In celebration of the centenary of Vladimir Nabokov’s birth, Kurt Johnson and Steve Coats wrote Nabokov’s Blues, about Nabokov’s passion for butterflies and scientific investigations into blue butterflies. Our own Karner Blue butterfly has its own chapter called “Dancing with Fire” in the book. Here is a brief excerpt which describes Nabokov’s feelings for the Karner Blue.
“Nabokov developed a deep, lifelong affection for this [the Karner Blue Butterfly]. In 1975, when he found out that The New York Times had used a drawing of the Karner Blue to illustrate an article about the federal government’s first listing of endangered insects, he wrote a letter to the editor: ‘By a nice coincidence,’ he said, ‘the so-called Karner Blue illustrating Bayard Webster’s note on insects needing protection is a butterfly I classified myself. It is know as Lycaeides melissa samuelis Nabokov or more properly Lycaeides samuelis Nabokov (I considered it at first to be a race of the western melissa Edwards, but have concluded recently that it is a distinct species).’
“He also revealed that is was the butterfly he had described in a well-known passage of his novel Pnin, although he attached no name to it in the novel: ‘A score of small butterflies, all of one kind, were settled on a damp patch of sand, their winds erect and closed, showing their pale undersides with dark dots and tiny orange-rimmed peacock spots along the hindwing margins; one of Pnin’s shed rubbers disturbed some of them and, revealing the celestial hue of their upper surface, they fluttered around like blue snowflakes before settling again.’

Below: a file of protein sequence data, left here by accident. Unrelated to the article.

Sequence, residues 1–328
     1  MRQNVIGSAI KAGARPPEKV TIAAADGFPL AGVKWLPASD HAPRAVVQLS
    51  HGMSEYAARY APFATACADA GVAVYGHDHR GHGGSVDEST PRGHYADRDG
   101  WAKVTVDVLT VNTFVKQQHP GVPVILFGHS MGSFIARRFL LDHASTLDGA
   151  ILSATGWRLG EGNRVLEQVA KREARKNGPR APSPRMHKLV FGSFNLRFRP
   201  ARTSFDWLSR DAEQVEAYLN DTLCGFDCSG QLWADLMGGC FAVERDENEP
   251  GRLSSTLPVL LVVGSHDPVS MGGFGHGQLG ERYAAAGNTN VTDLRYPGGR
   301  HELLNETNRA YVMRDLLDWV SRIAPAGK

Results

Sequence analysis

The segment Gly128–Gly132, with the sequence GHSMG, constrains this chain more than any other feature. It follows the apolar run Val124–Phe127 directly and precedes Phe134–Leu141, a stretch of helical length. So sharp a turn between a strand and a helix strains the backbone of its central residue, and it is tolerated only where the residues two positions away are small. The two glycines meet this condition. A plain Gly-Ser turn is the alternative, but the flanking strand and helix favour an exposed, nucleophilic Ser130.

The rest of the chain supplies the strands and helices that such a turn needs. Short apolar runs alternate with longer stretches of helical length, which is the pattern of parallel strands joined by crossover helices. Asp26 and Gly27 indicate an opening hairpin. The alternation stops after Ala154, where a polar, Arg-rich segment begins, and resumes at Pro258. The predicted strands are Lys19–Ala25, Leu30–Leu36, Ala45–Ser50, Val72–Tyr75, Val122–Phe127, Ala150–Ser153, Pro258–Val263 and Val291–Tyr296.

“In 1952, reviewing Alexander B. Klot’s Field Guide to the Butterflies of North America, East of the Great Plains, Nabokov described how he kept track of the butterfly in the Albany Pine Barrens, which is its type locality – – that is, the source of the type specimen that Nabokov used to name it: ‘I visit the place every time I happen to drive ) as I do yearly in early June) from Ithaca to Boston and can report that, despite local picnickers and the hideous garbage they leave, the lupines and Lycaeides samuelis Nab. are still doing as fine under those old gnarled pines along the railroad as they did ninety years ago.'”
The Authors will spoke at the Save the Pine Bush vegetarian/vegan dinner on Wednesday, January 26, 2000.
Stephen Jay Gould’s comments about the new book, Nabokov’s Blues:
“If Vladimir Nabokov had never written a line of fiction, he would have an honored reputation as a naturalist, and an expert on a large group of butterflies known as Blues. he loved his butterflies as passionately as his literature and both pursuits built the fullness of his life. Johnson and Coate’s biological expertise and keen understanding of Nabokov’s work allow us to integrate and understand one of the great figures of twentieth-century art – and science.”
Save the Pine Bush is part of a ring of web sites about Nabokov, his literature and the butterflies he studied. Check out these links!
Endangered Butterflies site by author Kurt Johnson. This site features an excellent article by Robert Dirig on his experiences with the Karner Blue. The article is called “Karner Blue Sing Your Purple Song”.
Butterfly Garden January 2000 article on Vladimir Nabokov
Zembla the Vladimir Nabokov site
Zoland Books, publisher of Nabokov’s Blues